Besides Dennis Rodman and his basketball buddies, Will Scott is another of the few Americans who can actually say that he’s been to North Korea. A former Google employee and current graduate student at the University of Washington, Will spent last fall teaching courses on Databases and Operating Systems at the Pyongyang University of Science and Technology. Some insightful highlights from an interview Will did:
Business Insider: Could you talk about the “Supreme Leader” with anyone? Is their stereotypical love for him as displayed in the western media real?
Scott: The leader is certainly loved and revered. People live normal lives for the most part, maybe 5-10% is the stereotype. Like, before meals the students would march to the cafeteria while singing patriotic songs. That’s the stereotype that you’ll see in the media, but then they eat meals and chat normally, and play basketball, and go to class.
Was it possible to discuss politics or other sensitive topics?
Scott: Military stuff did get talked about some, as did some other topics. In the spring the understanding was that they were at war with the US, there were cars driving around with netting to prevent detection from satellites, and the media reported that there was a US intrusion into the country that the army repelled. The students would ask the professors why they were still there when their countries were actively at war.
You mention that bringing up the fact that you’re American was a good way to end a conversation. How often were people able to pick up on that fact before you told them?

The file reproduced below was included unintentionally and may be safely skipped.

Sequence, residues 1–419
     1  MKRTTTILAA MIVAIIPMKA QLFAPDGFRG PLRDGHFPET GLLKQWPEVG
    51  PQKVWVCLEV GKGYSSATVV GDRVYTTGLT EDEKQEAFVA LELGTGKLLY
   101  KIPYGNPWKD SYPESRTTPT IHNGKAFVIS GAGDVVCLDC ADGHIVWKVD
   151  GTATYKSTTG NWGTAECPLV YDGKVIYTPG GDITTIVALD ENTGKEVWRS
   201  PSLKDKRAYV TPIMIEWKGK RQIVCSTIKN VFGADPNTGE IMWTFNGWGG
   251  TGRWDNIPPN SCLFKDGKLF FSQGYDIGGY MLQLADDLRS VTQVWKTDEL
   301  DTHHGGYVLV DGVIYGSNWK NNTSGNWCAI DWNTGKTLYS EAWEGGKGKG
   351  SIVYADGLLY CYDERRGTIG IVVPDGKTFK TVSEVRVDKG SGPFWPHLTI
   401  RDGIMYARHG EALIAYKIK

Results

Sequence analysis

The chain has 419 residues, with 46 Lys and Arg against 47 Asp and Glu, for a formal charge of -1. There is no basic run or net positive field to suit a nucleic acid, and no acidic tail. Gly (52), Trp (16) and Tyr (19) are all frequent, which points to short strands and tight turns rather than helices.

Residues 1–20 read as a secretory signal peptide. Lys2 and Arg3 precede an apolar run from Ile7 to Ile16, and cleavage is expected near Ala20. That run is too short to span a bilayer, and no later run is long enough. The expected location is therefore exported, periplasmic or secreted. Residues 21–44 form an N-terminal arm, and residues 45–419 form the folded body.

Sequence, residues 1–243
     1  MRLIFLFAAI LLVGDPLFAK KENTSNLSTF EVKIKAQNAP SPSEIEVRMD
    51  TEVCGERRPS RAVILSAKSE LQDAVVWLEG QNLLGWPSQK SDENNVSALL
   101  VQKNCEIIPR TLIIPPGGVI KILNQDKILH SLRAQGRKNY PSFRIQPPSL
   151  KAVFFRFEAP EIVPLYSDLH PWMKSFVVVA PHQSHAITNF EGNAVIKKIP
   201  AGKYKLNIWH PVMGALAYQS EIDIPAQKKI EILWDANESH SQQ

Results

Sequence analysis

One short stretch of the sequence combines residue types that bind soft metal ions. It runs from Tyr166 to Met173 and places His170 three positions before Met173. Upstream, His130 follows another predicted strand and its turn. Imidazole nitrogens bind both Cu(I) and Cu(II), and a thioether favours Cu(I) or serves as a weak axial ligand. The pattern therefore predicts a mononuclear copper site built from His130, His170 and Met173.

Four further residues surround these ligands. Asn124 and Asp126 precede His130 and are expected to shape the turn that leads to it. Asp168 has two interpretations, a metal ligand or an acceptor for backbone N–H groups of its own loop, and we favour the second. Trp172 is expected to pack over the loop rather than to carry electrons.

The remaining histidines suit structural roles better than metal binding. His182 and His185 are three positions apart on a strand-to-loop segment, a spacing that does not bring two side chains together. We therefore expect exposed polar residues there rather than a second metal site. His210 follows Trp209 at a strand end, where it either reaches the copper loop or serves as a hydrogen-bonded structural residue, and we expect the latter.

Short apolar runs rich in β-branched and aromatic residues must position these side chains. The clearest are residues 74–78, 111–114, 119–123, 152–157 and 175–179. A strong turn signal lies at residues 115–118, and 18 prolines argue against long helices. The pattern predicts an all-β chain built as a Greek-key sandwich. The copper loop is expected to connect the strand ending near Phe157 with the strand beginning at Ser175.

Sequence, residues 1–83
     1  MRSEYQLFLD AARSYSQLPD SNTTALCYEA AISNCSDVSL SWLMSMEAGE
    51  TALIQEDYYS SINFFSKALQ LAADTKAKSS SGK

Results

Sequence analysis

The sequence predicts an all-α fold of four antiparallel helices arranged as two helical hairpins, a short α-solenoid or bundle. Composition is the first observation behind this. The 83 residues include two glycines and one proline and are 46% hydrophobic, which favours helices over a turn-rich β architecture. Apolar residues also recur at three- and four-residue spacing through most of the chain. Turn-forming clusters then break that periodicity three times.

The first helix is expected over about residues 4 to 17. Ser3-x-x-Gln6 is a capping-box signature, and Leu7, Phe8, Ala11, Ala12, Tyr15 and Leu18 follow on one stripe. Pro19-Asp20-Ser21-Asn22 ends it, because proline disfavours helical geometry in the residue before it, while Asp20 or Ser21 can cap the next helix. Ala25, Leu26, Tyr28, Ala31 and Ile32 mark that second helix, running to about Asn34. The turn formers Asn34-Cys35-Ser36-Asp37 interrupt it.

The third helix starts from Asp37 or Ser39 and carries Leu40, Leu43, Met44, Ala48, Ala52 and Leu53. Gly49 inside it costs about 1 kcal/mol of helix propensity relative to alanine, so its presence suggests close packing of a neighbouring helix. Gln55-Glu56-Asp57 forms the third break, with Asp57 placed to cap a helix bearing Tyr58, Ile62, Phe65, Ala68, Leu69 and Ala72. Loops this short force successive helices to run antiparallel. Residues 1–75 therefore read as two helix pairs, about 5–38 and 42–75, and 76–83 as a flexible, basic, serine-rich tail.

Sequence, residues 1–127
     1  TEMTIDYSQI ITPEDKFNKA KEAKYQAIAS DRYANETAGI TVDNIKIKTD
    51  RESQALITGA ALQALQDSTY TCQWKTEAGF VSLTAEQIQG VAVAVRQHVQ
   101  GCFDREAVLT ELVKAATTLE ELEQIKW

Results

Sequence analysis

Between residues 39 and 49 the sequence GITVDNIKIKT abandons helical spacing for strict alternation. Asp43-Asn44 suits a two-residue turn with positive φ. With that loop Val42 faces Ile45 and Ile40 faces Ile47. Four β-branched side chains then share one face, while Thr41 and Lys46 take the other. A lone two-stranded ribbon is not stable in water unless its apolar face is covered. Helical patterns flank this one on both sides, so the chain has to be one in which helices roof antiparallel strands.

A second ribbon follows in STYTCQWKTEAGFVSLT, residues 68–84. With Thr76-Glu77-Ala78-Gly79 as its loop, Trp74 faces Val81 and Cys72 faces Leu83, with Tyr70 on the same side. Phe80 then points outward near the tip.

Scott: Very rarely. If you were just on the street people would smile and wave at you.
Did you have ‘handlers’ like visitors on organized trips?
Scott: We called them ‘guides’, but yeah, the campus had a pool of representatives from the ministry of education. Foreigners in our group had to be accompanied by one of those guides when we were off campus.
Could you elaborate on what that news was like in North Korea compared to the US?
Scott: There are 3 TV stations, newspaper, and radio as primary means of media distribution. Newspapers got delivered to the campus every morning, and were at the reception desk, and the students when they were free would stop by and you would see huddles of them reading the news. Radio didn’t get used much on campus as far as I could tell, but seemed more used elsewhere in the country. You’d hear it sometimes in the car, or in shops.
Sunday evenings there’s a foreign section on TV, where individual segments taken from other countries news media are played. They learn about foreign affairs largely from this – the selection ranges from almost immediate on items that are good news, to up to a 6 month delay on things that are neutral or negative. Things like the economic issues in Greece took a long time to hit the news here (only this fall), while the satellite reaching the edge of the solar system got reported the same week. The rest ends up being a combination of rebroadcasts of sports games, some Chinese dramas, and local news segments.
Did you accidentally say “Just Google it,” and then realise that it wasn’t available to your students?
Scott: Yeah! A lot of CS education really breaks down without access to the Internet.